Defendant filed a motion for reconsideration, arguing attenuation could not have been based upon the seizure of defendant's coat, since the trial court had earlier suppressed the coat as the fruit of an illegal arrest. The trial Judge acknowledged his error in considering the coat as an intervening circumstance, but concluded that, even without considering the coat, defendant's statement was nevertheless sufficiently attenuated from his earlier illegal arrest. Defendant's statement was subsequently admitted at his trial, and the trial court ultimately found defendant guilty of second degree murder. This appeal followed.
Defendant contends the court erred in finding his post-arrest statements were sufficiently attenuated from his illegal arrest. The law is clear that not every statement made by a suspect subsequent to an illegal arrest is subject to suppression; the relevant inquiry is whether the statement was obtained by exploitation of the illegal arrest. People v. Foskey, 136 Ill. 2d 66, 84, 554 N.E.2d 192 (1990). To be admissible, an inculpatory statement which follows an illegal arrest must be "sufficiently an act of free will to purge the primary taint of the unlawful invasion." People v. White, 117 Ill. 2d 194, 222, 512 N.E.2d 677 (1987), quoting Wong Sun v. United States, 371 U.S. 471, 486, 83 S.Ct. 407, 9 L.Ed. 2d 441 (1963). Assuming a statement so obtained is given voluntarily under the Fifth Amendment, whether the statement is sufficiently attenuated from the prior illegal arrest to permit its admission under the Fourth Amendment requires an examination of four factors: (1) whether Miranda warnings were given; (2) the proximity in time between the arrest and the statement; (3) the presence of intervening circumstances; and (4) the purpose and flagrancy of the police misconduct. Foskey, 136 Ill. 2d at 85-86; White, 117 Ill. 2d at 222; see also Brown v. Illinois, 422 U.S. 590, 603-4, 45 L.Ed. 2d 416, 95 S.Ct. 2254 (1975). The burden of demonstrating attenuation rests upon the prosecution. Foskey, 136 Ill. 2d at 86; White, 117 Ill. 2d at 223. Where the parties do not dispute the relevant facts and differ in opinion only on the legal Conclusions to be drawn from those facts, we review de novo a trial court's ruling on a motion to suppress a suspect's post-arrest statement. See People v. Oaks, 169 Ill. 2d 409, 447-48, 662 N.E.2d 1328 (1996); People v. Austin, 293 Ill. App. 3d 784, 787, 688 N.E.2d 740 (1997).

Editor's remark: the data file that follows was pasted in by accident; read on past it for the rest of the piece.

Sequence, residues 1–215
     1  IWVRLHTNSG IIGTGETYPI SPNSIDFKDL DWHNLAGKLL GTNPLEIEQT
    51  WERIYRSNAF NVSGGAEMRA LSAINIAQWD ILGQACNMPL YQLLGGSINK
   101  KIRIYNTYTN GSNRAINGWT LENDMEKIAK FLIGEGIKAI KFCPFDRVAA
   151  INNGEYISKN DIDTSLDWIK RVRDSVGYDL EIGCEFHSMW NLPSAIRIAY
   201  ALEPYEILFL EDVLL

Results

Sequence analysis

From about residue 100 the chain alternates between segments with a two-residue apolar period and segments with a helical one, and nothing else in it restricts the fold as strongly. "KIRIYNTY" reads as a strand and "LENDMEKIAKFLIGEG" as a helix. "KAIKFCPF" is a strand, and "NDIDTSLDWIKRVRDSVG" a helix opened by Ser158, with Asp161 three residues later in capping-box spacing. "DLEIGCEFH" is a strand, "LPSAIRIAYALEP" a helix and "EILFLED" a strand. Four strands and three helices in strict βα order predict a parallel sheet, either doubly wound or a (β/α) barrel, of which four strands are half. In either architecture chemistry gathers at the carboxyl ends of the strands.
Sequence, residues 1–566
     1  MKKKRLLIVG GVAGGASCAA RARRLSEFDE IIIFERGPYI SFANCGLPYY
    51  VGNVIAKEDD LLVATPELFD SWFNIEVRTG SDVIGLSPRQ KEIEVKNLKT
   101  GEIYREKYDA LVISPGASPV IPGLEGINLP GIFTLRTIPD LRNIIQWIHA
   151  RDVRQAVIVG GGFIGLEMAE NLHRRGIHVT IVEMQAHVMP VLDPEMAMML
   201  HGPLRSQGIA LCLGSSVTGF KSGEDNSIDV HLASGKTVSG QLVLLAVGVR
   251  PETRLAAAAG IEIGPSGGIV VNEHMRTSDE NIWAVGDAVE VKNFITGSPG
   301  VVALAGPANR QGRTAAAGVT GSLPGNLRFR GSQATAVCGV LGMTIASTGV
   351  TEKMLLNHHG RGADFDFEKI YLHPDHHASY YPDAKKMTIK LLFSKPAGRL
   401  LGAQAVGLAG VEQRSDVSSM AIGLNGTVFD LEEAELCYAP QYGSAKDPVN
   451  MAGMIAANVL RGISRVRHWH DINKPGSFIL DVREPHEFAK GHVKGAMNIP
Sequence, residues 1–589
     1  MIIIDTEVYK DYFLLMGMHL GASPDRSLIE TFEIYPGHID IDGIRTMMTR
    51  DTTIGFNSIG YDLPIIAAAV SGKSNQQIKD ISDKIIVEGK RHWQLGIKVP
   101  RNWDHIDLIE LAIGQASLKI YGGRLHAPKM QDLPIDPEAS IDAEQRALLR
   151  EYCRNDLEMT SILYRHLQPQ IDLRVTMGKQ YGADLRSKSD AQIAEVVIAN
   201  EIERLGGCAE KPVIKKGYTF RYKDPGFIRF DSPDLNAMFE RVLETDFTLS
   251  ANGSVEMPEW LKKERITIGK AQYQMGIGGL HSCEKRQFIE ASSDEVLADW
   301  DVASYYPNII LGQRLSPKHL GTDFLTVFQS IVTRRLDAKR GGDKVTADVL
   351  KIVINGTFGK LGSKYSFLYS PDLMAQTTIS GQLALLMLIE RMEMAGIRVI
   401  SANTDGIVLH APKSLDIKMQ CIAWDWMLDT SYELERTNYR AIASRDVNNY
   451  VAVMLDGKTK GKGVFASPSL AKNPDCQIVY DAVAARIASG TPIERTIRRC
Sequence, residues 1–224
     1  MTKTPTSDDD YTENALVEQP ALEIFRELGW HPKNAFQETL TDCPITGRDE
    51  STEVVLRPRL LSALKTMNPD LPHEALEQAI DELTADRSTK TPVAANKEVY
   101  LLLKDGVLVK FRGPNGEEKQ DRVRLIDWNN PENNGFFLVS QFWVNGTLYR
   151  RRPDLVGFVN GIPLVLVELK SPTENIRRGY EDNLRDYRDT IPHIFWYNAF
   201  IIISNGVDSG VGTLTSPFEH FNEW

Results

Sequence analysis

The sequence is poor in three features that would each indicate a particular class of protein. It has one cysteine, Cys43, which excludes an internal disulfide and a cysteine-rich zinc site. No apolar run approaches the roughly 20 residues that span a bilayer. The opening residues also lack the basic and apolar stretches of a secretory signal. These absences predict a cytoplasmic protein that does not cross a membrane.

In this case it is undisputed defendant was given Miranda warnings. However, the mere giving of Miranda warnings is, without more, insufficient to purge the taint of an illegal arrest. Foskey, 136 Ill. 2d at 86; White, 117 Ill. 2d at 223; see also Brown, 422 U.S. at 603. Moreover, while defendant was given Miranda warnings prior to giving his statement, no warnings were given prior to the seizure of the coat. This factor adds little in support of a finding of attenuation.
The second Brown factor, the proximity in time between the arrest and the making of the statement, is also arguably of little significance in judging attenuation. See White, 117 Ill. 2d at 223 (noting "[t]he temporal proximity between an arrest and a confession is often an ambiguous factor, the significance of which will depend upon the particular circumstances of a particular case"); People v. Beamon, 255 Ill. App. 3d 63, 68, 627 N.E.2d 316 (1993); see also Dunaway v. New York, 442 U.S. 200, 220, 60 L.Ed. 2d 824, 99 S.Ct. 2248 (1979) ("[i]f there are no relevant intervening circumstances, a prolonged detention may well be a more serious exploitation of an illegal arrest than a short one"); 4 W. LaFave, Search & Seizure § 11.4(b), at 637-38 (3d ed. 1996). Nevertheless, to the extent it is significant, the temporal proximity factor does not support a finding of attenuation here. Defendant made ...